OSCARS 2014: My Picks & Predicts

Oh, the Oscars.

There isn't any other awards show like it. It's always grandiose, self-congratualtory, meaningless and fluffy. These people, trouncing about in their fine suits and expensive gowns, claim they don't care at all about the outcome! They're just happy to be nominated. Likewise, we claim to not care about them as celebrities–and then we obsess over their private lives, buy their candid photos, and copy their tastes. (Many men who claim to be unaffected by celebrities should be glad Facebook wasn't around in the 90s–your early photos would prove you had the same "Caesar" haircut that George Clooney did on ER. And I can't help but confess that Justin Timberlake's early fashion choices affected my adolescence.)

So, even though this show is determined largely through behind-the-scenes campaigning, and even though the Oscar voters are often compromised in their motives, the Academy Awards seek to recognize the best art in filmmaking over the course of the past year. Filmmaking is the dominant medium for culture, philosophy, and spirituality in our times–whether you like it or not. And even if you disagree with their choices, or think it's all a sham, it's fun to take guesses at who is going to win. 

Here are my predictions. 

(I'm only predicting the categories I care about. I haven't followed close enough to know all the politics and I haven't seen all the films. But I'm still going to guess, and if you bet on my predictions and you win millions, I only demand a 10% cut. A cinema-tithe. By the way, the arrow choice is who I WANT to win the award– the emboldened one is who I think WILL win.)


Captain America: The Winter Soldier
Dawn of the Planet of the Apes
X-Men: Days of Future Past 
Guardians of the Galaxy

This category could be called the "So Sorry You're Broke, but Thanks for the Movie!" consolation prize. Hollywood is notorious for underpaying their VFX companies. One previous Oscar winner went bankrupt almost immediately after the ceremony was done. 

That said, Interstellar deserves this award because of the innovative way its effects were blended into its practical effects. In a grand ode to Kubrick's "2001: A Space Odyssey", Interstellar puts the VFX of the film behind the story, and never feels like it's showing off. 


>The Tale of Princess Kaguya
How to Train Your Dragon 2
The Boxtrolls
Big Hero 6
Song of the Sea

The animated feature category, at least in this past decade, could be called "Which Movie Did Pixar Make This Year, Again?" But I believe this is Isao Takahata's year. He's been making beautiful Japanese animated films for decades without substantial North American acclaim. He's never made a bad film, at least according to critics. Although I would've voted for the LEGO movie had it been nominated (this was the greatest snub of the year), I think "The Tale of Princess Kaguya" is going to win.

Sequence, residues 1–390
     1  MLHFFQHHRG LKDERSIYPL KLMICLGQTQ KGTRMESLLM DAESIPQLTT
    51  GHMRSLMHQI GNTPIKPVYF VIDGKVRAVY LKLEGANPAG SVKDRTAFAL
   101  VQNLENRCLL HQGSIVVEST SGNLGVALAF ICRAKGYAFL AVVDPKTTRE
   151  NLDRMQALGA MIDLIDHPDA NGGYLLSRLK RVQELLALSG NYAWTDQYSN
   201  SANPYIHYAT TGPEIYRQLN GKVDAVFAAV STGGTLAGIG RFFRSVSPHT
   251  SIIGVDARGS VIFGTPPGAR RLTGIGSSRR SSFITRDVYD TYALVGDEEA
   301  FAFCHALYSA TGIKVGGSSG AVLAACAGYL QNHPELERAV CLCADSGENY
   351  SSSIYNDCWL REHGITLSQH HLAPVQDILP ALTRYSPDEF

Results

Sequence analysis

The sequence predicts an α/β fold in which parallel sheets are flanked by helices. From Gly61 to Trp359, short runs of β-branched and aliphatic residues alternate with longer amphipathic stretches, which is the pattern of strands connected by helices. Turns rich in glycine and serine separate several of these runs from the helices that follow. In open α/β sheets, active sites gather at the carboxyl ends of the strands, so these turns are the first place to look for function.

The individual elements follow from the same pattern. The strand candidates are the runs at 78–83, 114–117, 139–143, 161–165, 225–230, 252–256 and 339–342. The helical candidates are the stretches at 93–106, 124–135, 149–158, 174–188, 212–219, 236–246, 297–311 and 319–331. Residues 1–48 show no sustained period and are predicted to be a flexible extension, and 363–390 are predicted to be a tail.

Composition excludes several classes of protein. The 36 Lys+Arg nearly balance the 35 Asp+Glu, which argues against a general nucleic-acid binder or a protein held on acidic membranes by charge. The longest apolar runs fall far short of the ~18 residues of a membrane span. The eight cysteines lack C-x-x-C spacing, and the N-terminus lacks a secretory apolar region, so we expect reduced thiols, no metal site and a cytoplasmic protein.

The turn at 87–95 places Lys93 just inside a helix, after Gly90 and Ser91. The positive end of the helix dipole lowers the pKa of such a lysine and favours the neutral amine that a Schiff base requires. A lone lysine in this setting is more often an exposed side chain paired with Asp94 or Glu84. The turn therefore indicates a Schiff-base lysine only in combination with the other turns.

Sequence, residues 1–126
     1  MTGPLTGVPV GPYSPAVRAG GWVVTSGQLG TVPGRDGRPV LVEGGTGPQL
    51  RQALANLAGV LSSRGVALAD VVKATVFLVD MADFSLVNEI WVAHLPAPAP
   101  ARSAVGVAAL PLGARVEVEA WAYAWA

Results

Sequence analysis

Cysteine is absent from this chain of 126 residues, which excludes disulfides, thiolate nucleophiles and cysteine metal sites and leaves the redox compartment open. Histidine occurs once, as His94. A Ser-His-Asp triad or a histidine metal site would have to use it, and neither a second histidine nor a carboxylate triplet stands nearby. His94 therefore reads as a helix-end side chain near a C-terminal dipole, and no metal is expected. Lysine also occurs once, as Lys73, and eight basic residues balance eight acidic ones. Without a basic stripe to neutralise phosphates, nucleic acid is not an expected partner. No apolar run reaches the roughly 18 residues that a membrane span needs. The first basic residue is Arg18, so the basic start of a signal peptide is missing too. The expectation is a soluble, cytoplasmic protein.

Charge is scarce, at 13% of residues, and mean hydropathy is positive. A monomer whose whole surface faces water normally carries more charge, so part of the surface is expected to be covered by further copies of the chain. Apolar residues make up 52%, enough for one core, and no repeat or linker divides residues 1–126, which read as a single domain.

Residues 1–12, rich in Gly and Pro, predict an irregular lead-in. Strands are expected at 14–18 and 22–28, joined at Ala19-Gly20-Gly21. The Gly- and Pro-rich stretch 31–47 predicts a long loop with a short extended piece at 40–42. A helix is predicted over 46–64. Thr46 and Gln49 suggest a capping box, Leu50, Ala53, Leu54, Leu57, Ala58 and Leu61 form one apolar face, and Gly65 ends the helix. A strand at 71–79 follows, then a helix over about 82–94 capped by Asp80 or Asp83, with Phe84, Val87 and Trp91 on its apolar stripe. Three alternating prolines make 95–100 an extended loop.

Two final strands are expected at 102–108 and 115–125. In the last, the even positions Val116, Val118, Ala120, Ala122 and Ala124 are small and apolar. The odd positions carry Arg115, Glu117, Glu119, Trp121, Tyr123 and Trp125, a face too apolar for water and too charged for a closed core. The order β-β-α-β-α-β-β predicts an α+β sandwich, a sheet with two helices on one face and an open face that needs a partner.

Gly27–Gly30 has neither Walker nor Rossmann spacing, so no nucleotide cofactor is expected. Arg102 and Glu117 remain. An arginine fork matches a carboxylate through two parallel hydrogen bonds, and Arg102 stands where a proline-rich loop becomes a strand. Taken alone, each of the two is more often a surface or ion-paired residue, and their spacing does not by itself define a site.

Ryszard Lenczewski “Ida”
Dick Pope for “Mr. Turner”
>Robert Yeoman for “The Grand Budapest Hotel”
Lukasz Zal for “Ida”
Emmanuel Lubezki for “Birdman”

I think "Birdman" is another strong contender in this category but Lubezki won this category last year for "Gravity". "Ida" seems ideally suited to win here, too–but two nominations may split the vote. 


Tom Cross for “Whiplash”
William Goldenberg for “The Imitation Game”
Gary D. Roach for “American Sniper”
Sandra Adair for “Boyhood”
>Barney Pilling for “The Grand Budapest Hotel”
Joel Cox for “American Sniper”

Much of the comedy in Wes Anderson's "The Grand Budapest Hotel" comes from the power of how the film is edited. Anderson's films have such a visionary focus that it's easy to forget how every auteur has an ensemble behind them. Unless you're Steven Soderbergh.

But either Gary Roach or Joel Cox will win because American Sniper cannot go home empty handed. It has "American" in the title, and though it does not deserve its' other nominations, it will likely win here.


American Sniper
The Imitation Game
The Theory of Everything
Inherent Vice

Again, while "American Sniper" might not deserve to be such a contender this year, its' high number of nominations in many major categories make it sure to take home at least a few awards. "Whiplash", on the other hand, is the beloved indie contender which deserves some kind of recognition. I'm hoping it doesn't go home empty-handed.